Noonan’s Notes Blog is written by a team of Hodgson Russ tax attorneys led by the blog’s namesake, Tim Noonan. Noonan’s Notes Blog regularly provides analysis of and commentary on developments in the world of New York tax law.

New Audit Guidelines in New York: A Change to the 11-Month Rule

However, there is one change that is worthy of attention and further discussion. Specifically, the Tax Department changed the guidelines for what constitutes maintaining a permanent place of abode (PPA) for “substantially all of the taxable year.” Starting in 2022, the former “11-month rule” is now a 10-month rule.

Under the statutory residency test, an individual is taxed as a New York State resident when they spend more than 183 days in the state AND maintain a PPA in the state “for substantially all of the taxable year.” Before 2022, the guidelines made clear that “substantially all” meant a period exceeding 11 months. This 11-month rule was prevalent in other places as well, including tax return instructions, guidance on the tax department’s website, and other sources. But the new guidelines change this rule to define “substantially all of the year” to mean a period exceeding 10 months, beginning in tax years beginning in 2022.

To understand the rule in context, consider the following scenario. A taxpayer is domiciled in Connecticut, but works in New York City throughout the year. If that taxpayer acquires a permanent place of abode on February 21 of the taxable year and spends 184 days in New York, they will be taxed as a resident under the new 10-month rule. In contrast, under the old 11-month rule, the taxpayer in the above scenario would not be subject to tax as a resident. Another example, suppose a taxpayer maintains a PPA in New York, spends 184 days in New York, but disposes of the residence on November 3. Under the old rule, the taxpayer would not be subject to statutory residency because they did not maintain the PPA for more than 11 months. But under the new rule, that same taxpayer would trigger statutory residency, at least if this guidance holds.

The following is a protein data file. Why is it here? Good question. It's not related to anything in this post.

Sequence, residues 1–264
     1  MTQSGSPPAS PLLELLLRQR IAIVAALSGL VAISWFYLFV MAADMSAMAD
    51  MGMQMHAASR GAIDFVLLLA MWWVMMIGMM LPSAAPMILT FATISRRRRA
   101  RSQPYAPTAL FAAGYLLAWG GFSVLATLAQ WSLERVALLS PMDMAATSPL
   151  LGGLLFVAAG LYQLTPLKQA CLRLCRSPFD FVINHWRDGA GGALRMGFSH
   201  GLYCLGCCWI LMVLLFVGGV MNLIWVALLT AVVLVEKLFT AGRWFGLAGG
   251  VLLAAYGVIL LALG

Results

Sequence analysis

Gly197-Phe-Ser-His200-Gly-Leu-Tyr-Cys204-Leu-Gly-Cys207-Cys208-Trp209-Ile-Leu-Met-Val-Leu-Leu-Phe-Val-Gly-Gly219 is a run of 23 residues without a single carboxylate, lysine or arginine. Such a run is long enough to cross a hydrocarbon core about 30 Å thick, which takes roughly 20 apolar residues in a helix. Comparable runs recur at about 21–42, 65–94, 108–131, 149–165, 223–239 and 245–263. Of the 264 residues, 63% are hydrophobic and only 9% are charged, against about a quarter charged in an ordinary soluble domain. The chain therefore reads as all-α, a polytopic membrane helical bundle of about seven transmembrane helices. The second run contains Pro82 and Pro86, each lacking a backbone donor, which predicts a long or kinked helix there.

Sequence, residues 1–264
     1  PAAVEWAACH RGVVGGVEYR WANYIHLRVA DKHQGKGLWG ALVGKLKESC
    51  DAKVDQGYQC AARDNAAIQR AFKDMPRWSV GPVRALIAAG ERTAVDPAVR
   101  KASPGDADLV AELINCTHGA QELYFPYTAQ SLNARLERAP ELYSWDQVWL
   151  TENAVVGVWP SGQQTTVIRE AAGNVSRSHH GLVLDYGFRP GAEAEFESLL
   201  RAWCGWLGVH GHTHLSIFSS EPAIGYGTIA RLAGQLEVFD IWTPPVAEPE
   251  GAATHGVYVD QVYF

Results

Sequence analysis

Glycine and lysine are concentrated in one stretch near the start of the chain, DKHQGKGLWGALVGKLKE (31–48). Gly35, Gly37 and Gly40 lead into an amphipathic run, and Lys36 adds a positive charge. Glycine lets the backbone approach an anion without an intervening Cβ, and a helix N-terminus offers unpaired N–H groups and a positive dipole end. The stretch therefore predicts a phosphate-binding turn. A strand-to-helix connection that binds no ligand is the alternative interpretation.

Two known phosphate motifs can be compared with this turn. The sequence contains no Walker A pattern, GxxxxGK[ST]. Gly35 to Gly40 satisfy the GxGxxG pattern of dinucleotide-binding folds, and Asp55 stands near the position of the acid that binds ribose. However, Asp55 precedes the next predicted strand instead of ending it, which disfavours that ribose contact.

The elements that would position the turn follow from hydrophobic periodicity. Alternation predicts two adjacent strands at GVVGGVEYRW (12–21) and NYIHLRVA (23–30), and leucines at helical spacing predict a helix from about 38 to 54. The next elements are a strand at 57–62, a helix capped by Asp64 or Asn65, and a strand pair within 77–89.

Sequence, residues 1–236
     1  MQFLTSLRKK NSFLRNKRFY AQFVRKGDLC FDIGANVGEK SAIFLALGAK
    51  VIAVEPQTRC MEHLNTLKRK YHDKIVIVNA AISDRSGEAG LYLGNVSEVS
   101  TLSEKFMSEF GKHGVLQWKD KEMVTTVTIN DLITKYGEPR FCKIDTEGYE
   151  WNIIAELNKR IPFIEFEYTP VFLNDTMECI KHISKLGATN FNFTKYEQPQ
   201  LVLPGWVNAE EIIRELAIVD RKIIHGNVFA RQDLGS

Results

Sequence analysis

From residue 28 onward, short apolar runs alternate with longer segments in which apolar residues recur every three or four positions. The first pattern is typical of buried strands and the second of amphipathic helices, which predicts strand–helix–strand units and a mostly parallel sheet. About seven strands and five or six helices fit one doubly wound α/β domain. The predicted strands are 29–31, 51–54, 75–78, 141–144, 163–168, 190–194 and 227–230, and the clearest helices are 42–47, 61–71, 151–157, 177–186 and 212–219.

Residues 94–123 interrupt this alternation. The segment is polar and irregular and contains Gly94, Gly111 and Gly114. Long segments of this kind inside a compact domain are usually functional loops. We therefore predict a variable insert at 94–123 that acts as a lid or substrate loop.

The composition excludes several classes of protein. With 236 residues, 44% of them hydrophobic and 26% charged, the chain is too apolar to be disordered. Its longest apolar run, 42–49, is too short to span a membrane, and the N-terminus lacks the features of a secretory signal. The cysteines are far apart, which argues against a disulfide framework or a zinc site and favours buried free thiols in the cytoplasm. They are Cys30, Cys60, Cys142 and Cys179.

Will it hold? Normally we’d see a rule like this in the statute or at least in a regulation. But here the Tax Department has just issued new guidelines. There’s been no formal change, and in fact under the Permanent Place of Abode guidance on the Tax Department’s website, the 11-month rule is still listed! So it remains to be seen how this change will play out in audits, but since the guidance is effective for tax years beginning in 2022, I guess we won’t see it pop up in audits for a while.

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